UNDERSTANDING WHITE GAS & COLEMAN FUEL & GASOLINE
Liquid-fuel lanterns are less expensive to operate than propane.  Unfortunately, pressure lamps that run on white gas belong to granddad’s era and not many people today understand the technology.  A little bit of homework, though, will help ensure your family’s safety.  So let’s have at it.

Oil refining is a two-stage affair.  First, distillation breaks crude oil into five major fractions:  refinery gases, gasoline, kerosene, diesel oil, and residues.

After fractional distillation comes cracking.  The world’s thirst for gasoline is bigger than fractional distillation can satisfy.  Cracking breaks down heavy oil into lighter products.

White gas is (and was) pure gasoline with no additives.  It is clear as water and 50 octane.  The Model “T” Ford, with its 4.5:1 compression ratio, ran fine on white gas.  So did Coleman lanterns.

Better auto performance required higher compression engines.  Higher compression required higher-octane gas.  Tetra-ethyl lead was added to white gas to increase its octane rating.  A bit of red dye was also added so that consumers didn’t accidentally pump the old-fashioned 50-octane stuff, now called white, into their cars.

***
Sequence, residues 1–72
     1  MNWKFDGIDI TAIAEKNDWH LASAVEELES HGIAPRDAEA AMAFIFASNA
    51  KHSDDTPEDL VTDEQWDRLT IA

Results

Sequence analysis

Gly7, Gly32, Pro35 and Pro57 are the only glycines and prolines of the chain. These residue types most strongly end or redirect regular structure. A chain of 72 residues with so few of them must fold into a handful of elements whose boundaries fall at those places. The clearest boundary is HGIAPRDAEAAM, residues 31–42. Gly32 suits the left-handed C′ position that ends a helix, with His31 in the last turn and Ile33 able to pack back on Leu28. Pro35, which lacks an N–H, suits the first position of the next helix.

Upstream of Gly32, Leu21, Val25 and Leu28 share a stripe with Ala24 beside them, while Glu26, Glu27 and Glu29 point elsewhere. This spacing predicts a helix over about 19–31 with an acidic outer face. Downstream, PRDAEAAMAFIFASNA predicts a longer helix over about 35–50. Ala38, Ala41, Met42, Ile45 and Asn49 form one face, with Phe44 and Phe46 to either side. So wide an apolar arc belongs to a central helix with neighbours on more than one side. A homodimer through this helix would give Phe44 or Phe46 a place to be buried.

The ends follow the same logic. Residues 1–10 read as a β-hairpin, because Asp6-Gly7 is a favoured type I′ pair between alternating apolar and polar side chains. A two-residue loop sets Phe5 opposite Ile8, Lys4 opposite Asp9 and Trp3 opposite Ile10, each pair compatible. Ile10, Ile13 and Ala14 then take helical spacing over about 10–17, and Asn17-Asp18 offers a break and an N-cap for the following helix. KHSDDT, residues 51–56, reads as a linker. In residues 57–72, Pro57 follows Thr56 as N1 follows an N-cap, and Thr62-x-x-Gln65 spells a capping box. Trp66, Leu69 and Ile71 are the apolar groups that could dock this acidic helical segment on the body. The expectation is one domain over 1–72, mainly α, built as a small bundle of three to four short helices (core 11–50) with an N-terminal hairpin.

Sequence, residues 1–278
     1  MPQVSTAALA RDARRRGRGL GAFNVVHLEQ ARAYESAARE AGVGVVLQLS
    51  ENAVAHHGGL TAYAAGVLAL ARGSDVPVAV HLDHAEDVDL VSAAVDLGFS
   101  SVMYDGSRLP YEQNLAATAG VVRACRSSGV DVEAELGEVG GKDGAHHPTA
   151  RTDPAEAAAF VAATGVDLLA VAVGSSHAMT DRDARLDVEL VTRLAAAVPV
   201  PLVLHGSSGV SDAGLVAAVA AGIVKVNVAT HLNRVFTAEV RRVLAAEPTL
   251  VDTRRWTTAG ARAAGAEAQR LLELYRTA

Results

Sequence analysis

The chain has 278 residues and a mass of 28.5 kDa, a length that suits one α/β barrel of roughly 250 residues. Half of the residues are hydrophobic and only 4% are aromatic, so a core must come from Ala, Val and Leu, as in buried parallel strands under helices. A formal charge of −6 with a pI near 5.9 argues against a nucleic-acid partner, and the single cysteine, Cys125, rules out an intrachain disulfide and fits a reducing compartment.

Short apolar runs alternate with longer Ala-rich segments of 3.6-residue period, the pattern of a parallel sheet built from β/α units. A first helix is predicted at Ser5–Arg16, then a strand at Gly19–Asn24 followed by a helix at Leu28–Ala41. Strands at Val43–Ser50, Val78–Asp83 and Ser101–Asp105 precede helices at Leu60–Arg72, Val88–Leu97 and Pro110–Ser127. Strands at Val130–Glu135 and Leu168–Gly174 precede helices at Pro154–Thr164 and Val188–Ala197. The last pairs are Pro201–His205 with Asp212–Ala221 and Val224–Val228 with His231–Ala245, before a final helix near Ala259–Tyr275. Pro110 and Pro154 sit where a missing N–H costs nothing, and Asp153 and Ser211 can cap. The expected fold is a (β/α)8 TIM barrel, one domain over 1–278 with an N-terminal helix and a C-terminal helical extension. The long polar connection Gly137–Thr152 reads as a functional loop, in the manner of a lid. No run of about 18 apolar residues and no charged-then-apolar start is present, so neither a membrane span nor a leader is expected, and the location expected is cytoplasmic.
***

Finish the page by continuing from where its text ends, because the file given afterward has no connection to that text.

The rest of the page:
White gas at the pump became hard to find but Coleman lanterns still needed it.  Coleman began selling white gas branded as “Coleman fuel.”

Leaded gas is no more.  It poisoned people and was phased out 1975-1995.  But “unleaded” does not mean “no additives.”  Unleaded means different additives.  No additives would put you back to 50 octane.

COLEMAN DUAL FUEL LANTERNS
Today, Coleman sells “Dual Fuel” lanterns that are billed as running on either Coleman fuel or unleaded automobile gas. 

I was surprised to discover that my new Coleman Dual Fuel 285 produced light equivalent to a 150-watt light bulb on Coleman fuel but only equivalent to 100 watts on automobile gas. 

Would auto gas plug the lantern’s generator (as some claimed)?  I decided to find out.

Day 1.  The 285 started out (on auto gas) at 100 watts.  I kept it pumped up hard.  Eight hours later it had faded to 40 watts.  At nine hours it was almost empty.

Day 2.  It started out at 100 watts.  Six hours later it was 40 watts.  I shut it down at nine hours.

Day 3.  It started out at 100 watts.  Three hours later it was 40 watts.  I shut it down at nine hours.

Day 4.  It started out at 40 watts.  Total hours at 100 watts (actually, 40 watts or more) were seventeen.

Day 5.  I switched back to white gas.  Light output was 75 watts, half of what it had been prior to running automobile gas.  Auto gas had clogged the lantern’s generator.  A new generator was $11.49 plus postage:  www.coleman.com/coleman/parts/parts_lantern.asp

Aside.  The term generator might sound complicated but a “steam jenny” was a generator.  Jenny was slang for generator.  A steam jenny generated steam.  A teakettle is a steam jenny.

And the generator for a Coleman lantern is little more than a length of brass tubing.  Liquid fuel enters one end.  A check valve stops it from reversing direction.  Heat is applied to the outside of the tube.  The liquid inside the tube turns to a gas.  Gas (in the “solid-liquid-gas” sense of things) has been generated from a liquid.